The parameter severity is used for filtering the log messages. The allowed values of the parameter are listed in table "First level (coarse) log filtering" in the link:https://github.com/eclipse/titan.core/tree/master/usrguide/referenceguide[Programmer's Technical Reference]. We recommend using in Test Ports only `TTCN_WARNING`, `TTCN_ERROR` and `TTCN_DEBUG`. The parameter `fmt` is a pointer to a format string, which is interpreted as in `printf(3)`. The dots represent the optional additional parameters that are referred in format string. There is no need to put a newline character at the end of format string; otherwise the log file will contain an empty line after your entry.

Here is an example, which logs an integer value:
[source]
----
int myVar = 5;
TTCN_Logger::log(TTCN_WARNING, ``myVar = %d'', myVar);
----

Sometimes the string to be logged is static. In such cases there is no need for `printf`-style argument processing, which may introduce extra risks if the string contains the character `%`. The logger class offers a function for logging a static (or previously assembled) string:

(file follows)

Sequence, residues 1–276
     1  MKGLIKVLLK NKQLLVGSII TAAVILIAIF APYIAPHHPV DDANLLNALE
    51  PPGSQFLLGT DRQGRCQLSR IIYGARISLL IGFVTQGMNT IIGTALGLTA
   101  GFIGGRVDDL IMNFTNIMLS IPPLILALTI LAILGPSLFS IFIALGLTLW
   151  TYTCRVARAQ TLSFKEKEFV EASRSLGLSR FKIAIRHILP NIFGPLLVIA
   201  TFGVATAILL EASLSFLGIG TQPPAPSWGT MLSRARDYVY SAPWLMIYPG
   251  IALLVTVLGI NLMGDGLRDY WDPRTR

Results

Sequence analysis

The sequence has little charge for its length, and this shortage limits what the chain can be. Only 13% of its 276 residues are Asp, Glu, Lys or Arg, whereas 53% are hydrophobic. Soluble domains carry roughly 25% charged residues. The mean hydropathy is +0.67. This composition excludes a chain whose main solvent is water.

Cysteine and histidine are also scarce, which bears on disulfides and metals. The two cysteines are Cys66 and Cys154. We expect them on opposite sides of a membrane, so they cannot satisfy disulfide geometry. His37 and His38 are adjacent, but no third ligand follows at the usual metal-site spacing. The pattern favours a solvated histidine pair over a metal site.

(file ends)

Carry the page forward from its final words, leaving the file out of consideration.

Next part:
[source, subs="+quotes"]
static void TTCN_Logger::log_str(int severity, const char *str);

The function `log_str` runs significantly faster than log because it bypasses the interpretation of the argument string.

There is another special function for unbuffered mode:
[source]
----
static void TTCN_Logger::log_va_list(int severity, const char *fmt,
	va_list ap);
----
The function `log_va` list resembles to log, but it takes the additional `printf` arguments in one va_list structure; va_list is defined in the standard C header file `stdarg.h` and used in functions with variable number of arguments.